Feature, Transport

The world’s longest automated rail system automates its lighting control

The Dubai Metro has entered the Guinness Book of World Records – it’s the longest automated rail system in the world. It opened at the end of 2009 with the Red Line; the Green Line followed in September 2011.


Dubai’s rapidly expanding economy, growing population and severe traffic congestion made the rail system essential. The Metro carries 300,000 passengers every day, and comprises a network that runs underground in the city centre and on elevated viaducts along key urban corridors. The network covers 318km and the station interior designs echo the four elements: water, air, earth and fire. The shell-shaped roofs of the elevated stations evoke Dubai’s heritage of pearl diving.

Master plan
The Roads and Transport Authority’s master plan includes 320km of metro lines up to 2020 to cater for the expected 3.3 million population of the city and there are plans for 268km of light railway to act as a feeder for the Metro. Each of the 47 stations was commissioned independently as part of a phased programme, and stations were added to the system one by one.

Each station was fitted with a range of fluorescent, high bay and LED fittings specified by Atkins, which was responsible for design co-ordination. Atkins said one of the greatest challenges from the outset was to mobilise its pool of international specialist design experts from various offices and combine them with the company’s local team in Dubai to work on the project.

“Centralised controls co-ordinate the entire network, but can be overridden at a local level by standalone controls in case of a break in the network”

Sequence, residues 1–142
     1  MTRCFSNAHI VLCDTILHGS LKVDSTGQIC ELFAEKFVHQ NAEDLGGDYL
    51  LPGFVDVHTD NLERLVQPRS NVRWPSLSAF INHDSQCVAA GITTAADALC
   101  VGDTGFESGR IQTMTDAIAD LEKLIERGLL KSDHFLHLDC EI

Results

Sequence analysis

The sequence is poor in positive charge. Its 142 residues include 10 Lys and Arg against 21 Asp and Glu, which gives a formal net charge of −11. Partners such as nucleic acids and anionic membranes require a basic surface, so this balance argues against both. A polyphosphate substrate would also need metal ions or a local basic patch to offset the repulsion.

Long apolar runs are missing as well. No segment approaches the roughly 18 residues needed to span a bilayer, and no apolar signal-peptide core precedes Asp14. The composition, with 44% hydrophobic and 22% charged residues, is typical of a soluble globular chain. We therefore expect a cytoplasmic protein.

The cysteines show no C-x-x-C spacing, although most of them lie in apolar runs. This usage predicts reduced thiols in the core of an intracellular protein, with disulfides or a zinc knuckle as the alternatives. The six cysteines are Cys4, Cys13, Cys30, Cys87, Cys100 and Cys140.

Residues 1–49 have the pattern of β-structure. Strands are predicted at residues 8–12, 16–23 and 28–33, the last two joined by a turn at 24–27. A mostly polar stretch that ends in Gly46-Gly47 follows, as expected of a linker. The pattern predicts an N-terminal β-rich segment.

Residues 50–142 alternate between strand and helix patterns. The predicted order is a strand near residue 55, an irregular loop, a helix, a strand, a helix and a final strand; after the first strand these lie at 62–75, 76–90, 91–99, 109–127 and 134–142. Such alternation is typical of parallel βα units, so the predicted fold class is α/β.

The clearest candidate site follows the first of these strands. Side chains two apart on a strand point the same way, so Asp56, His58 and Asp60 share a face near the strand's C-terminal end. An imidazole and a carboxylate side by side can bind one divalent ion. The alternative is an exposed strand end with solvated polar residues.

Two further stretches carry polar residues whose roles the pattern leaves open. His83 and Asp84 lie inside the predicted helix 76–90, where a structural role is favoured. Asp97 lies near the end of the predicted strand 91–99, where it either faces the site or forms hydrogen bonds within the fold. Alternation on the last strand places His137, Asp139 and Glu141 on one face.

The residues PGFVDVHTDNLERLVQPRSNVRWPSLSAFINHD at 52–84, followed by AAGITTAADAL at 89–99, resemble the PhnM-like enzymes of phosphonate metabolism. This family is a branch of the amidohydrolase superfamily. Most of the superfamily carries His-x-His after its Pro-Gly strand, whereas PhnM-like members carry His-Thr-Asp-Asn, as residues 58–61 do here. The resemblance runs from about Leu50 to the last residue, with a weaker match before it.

Stephen Woodnutt, Delmatic

Effective light distribution
The Metro project was designed with effective light distribution and energy efficiency in mind. LEDs have been fitted in handrails, guiding passengers down staircases and escalators, and station cove lighting is provided by fluorescent sources.

Addressable controls have been introduced across the entire network in the front-of-house parts of each station as well as in areas of the stations or places between stations where passengers are evacuated in an emergency. These controls, supplied by Delmatic, work with the rail network’s supervisory control and data acquisition (Scada) system for remote management and monitoring.

Setting the scene
The control system supports a number of scenes – daytime, night-time, dawn/dusk and emergency, for example – that are activated automatically at scheduled times or in response to signals from a solar controller. Huge windows have been installed where possible to let in as much daylight as possible. The system incorporates daytime scenes that switch lighting off in areas of high daylight illumination.

Stephen Woodnutt, director at Delmatic, says: ‘It was a huge project. The energy-efficient control system offers a series of different scenes, depending on the time of day and particular events. Centralised controls co-ordinate the entire network, but can be overriden at a local level by standalone controls in case of a break in the network.’

Custom console
Secure local override control is available to each stationmaster from a custom console that displays the active scene, allows changeover from automatic to manual override settings and indicates the health of the communications network.

Delmatic was involved from an early stage as part of the project team and worked to develop both the system application and integration with the Scada network. Woodnutt says: ‘The modular nature of the system makes troubleshooting extremely simple, and the plug-in electronics enable rapid replacement of any faulty items.’ 

Energy Dashboard

20-50kVaaverage lighting load
in stations